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The lines from input stream are placed into the pattern space where they are modified. These four spaces changed the way I think about sed.
Awesome news: I have written an e-book based on this article series.
It appends a newline followed by the contents of hold buffer.
Inspired by the success of my "Awk One-Liners Explained" article (30,000 views in first three days), I decided to explain the sed one-liners as well.
These one-liners, just like the Awk one-liners, are compiled by Eric Pement. You can even write tetris in it (not to mention that it's Turing complete).
Check it out: This sed one-liner uses the 'G' command.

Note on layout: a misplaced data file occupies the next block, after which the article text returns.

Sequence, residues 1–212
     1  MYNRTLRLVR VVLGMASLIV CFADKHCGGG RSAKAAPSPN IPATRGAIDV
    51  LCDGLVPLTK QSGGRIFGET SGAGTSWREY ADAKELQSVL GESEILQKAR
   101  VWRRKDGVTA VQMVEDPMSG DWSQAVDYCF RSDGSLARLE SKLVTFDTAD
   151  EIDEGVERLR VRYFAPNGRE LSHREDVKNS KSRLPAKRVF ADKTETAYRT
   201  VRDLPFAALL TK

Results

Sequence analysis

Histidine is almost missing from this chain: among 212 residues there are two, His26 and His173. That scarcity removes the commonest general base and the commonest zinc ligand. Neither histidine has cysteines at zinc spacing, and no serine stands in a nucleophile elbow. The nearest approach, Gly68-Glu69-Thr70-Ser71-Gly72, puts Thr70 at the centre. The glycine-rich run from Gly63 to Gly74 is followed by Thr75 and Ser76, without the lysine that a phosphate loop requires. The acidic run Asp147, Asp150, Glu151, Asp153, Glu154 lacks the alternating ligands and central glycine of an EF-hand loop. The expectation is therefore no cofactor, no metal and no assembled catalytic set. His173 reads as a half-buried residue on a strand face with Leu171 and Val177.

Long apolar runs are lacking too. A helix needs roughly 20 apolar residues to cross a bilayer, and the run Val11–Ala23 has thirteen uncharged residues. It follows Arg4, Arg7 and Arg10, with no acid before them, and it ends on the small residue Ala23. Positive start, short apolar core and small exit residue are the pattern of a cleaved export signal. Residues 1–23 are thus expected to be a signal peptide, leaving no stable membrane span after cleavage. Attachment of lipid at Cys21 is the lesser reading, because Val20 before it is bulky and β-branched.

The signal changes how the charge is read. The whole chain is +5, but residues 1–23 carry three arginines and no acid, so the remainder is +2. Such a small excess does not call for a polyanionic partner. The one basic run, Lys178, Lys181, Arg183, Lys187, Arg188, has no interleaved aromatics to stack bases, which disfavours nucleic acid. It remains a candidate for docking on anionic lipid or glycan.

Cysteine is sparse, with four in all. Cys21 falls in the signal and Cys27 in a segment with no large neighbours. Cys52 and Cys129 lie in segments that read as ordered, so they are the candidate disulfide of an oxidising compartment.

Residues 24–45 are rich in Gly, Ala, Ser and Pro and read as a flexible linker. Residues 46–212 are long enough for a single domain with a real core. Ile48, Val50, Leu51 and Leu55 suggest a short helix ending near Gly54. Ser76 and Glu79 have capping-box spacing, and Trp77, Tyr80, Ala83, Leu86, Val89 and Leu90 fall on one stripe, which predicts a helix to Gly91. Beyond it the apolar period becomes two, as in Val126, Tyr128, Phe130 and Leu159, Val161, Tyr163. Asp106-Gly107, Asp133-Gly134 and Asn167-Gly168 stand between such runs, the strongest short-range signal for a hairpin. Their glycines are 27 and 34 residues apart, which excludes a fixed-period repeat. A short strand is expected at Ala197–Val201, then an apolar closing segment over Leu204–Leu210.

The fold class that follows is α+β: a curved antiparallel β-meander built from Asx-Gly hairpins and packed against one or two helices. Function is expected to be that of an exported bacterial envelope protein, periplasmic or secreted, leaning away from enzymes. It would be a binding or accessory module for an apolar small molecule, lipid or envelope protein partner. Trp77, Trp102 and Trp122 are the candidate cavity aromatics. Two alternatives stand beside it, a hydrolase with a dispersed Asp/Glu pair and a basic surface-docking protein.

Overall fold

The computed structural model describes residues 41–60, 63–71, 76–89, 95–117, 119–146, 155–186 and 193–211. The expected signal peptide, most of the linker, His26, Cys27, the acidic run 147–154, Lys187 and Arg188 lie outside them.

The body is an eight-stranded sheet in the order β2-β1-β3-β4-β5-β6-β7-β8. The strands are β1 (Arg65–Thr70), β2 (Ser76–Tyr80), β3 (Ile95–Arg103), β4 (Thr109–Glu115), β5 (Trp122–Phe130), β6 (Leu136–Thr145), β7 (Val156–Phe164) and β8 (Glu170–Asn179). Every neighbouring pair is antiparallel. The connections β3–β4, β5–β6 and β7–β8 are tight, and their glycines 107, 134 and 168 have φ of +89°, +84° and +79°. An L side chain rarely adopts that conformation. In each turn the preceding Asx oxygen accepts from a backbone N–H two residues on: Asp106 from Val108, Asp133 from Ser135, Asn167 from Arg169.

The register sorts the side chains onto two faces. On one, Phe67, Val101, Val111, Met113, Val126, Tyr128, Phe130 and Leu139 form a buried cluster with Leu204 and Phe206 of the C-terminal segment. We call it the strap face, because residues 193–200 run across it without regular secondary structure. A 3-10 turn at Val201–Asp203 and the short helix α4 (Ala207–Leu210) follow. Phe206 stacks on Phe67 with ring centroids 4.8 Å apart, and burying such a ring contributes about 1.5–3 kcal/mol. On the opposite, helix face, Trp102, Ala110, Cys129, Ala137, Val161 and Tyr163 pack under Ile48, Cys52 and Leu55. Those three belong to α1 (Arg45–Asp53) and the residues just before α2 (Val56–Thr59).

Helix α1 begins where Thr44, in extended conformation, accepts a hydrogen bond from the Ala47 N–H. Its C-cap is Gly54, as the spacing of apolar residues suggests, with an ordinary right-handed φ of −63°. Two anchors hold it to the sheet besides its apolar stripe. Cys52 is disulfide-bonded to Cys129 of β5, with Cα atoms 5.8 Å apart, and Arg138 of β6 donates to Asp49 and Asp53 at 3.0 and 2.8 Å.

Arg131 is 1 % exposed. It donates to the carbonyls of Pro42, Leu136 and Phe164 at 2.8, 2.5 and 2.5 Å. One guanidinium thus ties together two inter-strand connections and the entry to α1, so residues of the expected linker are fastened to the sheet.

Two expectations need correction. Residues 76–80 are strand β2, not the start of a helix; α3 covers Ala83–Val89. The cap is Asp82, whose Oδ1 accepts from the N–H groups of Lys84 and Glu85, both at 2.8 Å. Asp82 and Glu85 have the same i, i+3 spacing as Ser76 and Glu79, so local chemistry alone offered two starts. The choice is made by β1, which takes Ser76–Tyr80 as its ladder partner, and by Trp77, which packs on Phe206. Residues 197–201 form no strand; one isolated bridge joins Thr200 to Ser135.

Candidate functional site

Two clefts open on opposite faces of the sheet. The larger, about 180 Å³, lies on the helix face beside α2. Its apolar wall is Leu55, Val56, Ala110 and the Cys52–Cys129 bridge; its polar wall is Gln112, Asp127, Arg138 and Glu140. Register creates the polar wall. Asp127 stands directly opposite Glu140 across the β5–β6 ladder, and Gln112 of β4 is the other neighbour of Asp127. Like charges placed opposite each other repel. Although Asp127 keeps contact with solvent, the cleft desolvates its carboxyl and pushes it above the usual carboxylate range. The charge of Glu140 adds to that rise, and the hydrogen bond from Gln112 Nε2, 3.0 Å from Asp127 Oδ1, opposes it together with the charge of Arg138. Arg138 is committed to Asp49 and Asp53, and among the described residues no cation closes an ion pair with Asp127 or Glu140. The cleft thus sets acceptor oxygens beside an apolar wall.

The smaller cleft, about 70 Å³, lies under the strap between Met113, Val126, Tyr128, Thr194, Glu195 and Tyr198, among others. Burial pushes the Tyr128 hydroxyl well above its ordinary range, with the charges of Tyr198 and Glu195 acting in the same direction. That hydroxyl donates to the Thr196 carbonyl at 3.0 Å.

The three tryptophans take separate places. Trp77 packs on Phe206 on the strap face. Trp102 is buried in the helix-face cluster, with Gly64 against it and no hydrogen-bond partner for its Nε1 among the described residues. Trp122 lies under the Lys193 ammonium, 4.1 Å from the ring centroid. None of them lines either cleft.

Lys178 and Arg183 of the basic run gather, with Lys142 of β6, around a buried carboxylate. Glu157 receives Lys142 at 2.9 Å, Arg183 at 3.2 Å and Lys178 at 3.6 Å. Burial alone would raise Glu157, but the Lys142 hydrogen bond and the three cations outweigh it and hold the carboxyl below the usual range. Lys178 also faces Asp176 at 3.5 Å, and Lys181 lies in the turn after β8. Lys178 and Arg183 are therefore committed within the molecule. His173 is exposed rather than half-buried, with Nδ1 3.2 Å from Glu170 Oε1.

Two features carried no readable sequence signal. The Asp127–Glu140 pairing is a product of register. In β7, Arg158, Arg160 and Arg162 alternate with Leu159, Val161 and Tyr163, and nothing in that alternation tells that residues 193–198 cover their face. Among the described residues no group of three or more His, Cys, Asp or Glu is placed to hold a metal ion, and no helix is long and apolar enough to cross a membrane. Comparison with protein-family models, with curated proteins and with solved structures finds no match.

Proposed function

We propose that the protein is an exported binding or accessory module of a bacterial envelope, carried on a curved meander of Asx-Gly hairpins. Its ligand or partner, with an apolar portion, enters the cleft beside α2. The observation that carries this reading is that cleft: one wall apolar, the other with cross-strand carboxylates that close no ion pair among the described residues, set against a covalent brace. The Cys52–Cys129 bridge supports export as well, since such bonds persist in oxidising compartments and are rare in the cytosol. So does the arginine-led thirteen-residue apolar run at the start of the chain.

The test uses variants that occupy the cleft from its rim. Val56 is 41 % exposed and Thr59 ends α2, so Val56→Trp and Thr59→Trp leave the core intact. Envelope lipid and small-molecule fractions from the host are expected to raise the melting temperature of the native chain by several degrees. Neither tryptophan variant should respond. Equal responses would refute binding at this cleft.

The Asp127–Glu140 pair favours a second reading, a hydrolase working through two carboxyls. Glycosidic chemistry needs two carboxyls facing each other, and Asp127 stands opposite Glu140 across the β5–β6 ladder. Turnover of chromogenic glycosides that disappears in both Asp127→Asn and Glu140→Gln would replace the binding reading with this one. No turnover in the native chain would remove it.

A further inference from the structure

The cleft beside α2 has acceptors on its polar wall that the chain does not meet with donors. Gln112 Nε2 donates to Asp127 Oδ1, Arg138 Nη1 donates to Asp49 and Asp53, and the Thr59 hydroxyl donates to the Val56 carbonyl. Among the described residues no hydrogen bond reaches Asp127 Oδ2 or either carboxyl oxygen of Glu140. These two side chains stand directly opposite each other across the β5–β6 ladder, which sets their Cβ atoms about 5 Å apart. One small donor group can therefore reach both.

If you grabbed the cheat-sheet you'd see that the command 'G' appends to the pattern space.
I could not figure one of the one-liners in the file, so I ended up asking for help in shell.
In the second part I will cover "Selective printing of certain lines" and in the third "Selective deletion of certain lines" and "Special applications".Before I start explaining, I want to share the key idea that changed the way I think about sed.You may download them here: sed one-liners (link to file). My sed learning process was actually identical to Awk learning process.Most people are only familiar with one particular command of sed, namely the "s" (substitute) comand. First I went through Bruce Barnett's sed tutorial; then I created a sed cheat sheet; and finally went through sed one-liners.
It was the four spaces of sed -- input stream, output stream, pattern space, hold buffer.Sed operates on input stream and produces an output stream.